Tropical Storm Alma weakens to depression after hitting Central America with rain, winds
The remnants of Tropical Storm Alma dumped rain on Honduras on Friday and led to the death of a child who was swept away by a swollen stream.
The 7-year-old girl drowned in the southern province of Choluteca, Honduras' national Emergency Commission said in a news release.
The storm also blew down trees, knocking out some electricity lines in the southern region, Honduran national energy company spokeswoman Karla Matute said.
In Nicaragua and Costa Rica, officials cleared trees from roads and repaired roofless homes on Friday.
Alma reached land Thursday near the Nicaraguan colonial city of Leon, the first such storm for the eastern Pacific season.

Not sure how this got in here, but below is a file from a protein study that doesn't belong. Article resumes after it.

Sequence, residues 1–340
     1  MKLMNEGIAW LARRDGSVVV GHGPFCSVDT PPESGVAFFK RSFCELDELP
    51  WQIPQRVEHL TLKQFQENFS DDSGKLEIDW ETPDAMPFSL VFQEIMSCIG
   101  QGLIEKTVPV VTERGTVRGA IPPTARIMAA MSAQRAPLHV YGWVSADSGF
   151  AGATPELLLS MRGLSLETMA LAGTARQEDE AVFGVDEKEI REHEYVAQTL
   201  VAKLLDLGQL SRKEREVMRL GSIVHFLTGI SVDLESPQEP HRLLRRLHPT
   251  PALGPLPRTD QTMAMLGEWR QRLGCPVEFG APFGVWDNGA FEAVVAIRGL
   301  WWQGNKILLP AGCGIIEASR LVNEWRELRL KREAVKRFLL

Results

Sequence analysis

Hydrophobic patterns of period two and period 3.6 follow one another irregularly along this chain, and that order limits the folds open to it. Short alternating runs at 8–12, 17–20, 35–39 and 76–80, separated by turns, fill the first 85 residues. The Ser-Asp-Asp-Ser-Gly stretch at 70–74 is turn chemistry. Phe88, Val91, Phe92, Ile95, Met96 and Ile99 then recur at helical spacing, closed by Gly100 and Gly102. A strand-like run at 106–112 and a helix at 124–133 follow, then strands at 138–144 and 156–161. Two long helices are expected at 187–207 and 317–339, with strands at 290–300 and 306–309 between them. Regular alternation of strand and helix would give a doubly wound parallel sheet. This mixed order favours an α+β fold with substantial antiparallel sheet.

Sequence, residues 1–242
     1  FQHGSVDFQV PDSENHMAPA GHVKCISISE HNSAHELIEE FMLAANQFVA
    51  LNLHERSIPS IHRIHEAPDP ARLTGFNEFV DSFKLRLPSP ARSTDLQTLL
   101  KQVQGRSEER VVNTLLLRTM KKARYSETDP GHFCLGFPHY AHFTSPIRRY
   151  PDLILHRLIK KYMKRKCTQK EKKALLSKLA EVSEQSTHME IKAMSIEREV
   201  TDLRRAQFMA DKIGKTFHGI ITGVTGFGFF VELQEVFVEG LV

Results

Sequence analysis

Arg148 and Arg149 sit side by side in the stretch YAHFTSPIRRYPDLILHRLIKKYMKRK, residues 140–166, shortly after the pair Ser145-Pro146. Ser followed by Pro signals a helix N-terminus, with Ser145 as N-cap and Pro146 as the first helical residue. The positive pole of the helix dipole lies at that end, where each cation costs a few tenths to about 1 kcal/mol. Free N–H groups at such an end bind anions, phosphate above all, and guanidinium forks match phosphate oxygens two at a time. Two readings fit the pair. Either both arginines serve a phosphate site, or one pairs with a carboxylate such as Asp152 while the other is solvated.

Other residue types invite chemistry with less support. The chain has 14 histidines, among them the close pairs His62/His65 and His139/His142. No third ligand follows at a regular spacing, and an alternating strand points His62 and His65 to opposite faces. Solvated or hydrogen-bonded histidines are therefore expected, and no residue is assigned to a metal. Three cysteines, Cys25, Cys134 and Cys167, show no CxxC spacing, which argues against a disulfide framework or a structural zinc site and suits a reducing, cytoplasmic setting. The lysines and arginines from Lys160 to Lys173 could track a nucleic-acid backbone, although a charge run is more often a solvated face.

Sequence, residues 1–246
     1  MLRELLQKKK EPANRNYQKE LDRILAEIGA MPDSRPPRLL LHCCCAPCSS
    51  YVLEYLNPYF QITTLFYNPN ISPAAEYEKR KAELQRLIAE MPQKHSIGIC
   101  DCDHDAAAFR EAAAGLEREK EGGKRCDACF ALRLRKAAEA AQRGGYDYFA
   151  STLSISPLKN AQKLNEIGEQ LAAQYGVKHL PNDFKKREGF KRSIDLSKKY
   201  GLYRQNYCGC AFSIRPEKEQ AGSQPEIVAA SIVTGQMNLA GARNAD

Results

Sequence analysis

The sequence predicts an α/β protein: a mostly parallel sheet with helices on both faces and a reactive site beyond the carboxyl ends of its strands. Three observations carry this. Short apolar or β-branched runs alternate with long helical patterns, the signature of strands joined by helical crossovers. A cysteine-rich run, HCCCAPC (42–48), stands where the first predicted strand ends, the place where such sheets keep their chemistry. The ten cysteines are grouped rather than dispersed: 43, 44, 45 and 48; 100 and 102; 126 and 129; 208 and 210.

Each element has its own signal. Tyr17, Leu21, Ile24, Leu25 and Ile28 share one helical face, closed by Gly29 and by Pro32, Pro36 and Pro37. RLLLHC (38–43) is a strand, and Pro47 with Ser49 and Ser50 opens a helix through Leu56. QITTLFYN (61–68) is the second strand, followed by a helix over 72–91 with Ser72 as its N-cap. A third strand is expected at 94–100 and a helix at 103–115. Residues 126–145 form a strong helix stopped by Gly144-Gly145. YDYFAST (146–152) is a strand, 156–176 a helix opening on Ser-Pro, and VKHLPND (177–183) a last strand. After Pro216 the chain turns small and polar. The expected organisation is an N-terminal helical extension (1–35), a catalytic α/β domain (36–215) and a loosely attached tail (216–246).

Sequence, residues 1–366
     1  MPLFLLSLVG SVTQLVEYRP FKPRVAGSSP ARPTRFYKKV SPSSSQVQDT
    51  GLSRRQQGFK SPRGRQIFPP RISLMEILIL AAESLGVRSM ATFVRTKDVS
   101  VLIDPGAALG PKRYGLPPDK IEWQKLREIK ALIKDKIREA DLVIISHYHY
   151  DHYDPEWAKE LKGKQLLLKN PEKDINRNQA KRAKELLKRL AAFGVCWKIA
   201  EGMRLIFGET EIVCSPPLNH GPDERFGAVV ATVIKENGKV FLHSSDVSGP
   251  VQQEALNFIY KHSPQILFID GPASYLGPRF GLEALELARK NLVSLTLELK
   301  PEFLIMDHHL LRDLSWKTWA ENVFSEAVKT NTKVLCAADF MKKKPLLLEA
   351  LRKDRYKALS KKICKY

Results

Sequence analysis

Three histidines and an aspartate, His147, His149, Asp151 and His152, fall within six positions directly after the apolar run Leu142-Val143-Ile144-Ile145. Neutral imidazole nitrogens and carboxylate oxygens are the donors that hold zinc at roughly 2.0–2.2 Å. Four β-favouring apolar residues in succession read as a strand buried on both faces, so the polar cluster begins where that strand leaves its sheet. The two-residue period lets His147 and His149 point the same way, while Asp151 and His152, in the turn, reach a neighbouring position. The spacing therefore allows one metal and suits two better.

The storm blew roofs off homes, knocked out power and telephone service and brought down a light pole at the city's baseball stadium.
A 30-year-old man was electrocuted by a power line that snapped under high winds, said Nicaraguan emergency official Flor de Maria Escobar.
"The wind whipped up the sand, and it lashed your face like sandpaper," said Erasmo Lopez, a fisherman in the coastal hamlet of Poneloya, near where Alma made landfall. "The trees were shaking like crazy, cars were shuddering and you couldn't even see in front of you."
In Costa Rica, authorities rescued three children and their mother after an embankment collapsed on their house outside the capital, San Jose. A 7-year-old girl was still in critical condition Friday.
Along the coast, 200 families were evacuated to storm shelters after Alma dumped rain over the country for 24 hours. Landslides blocked a few highways.
The eastern Pacific hurricane season began May 15, AP reported.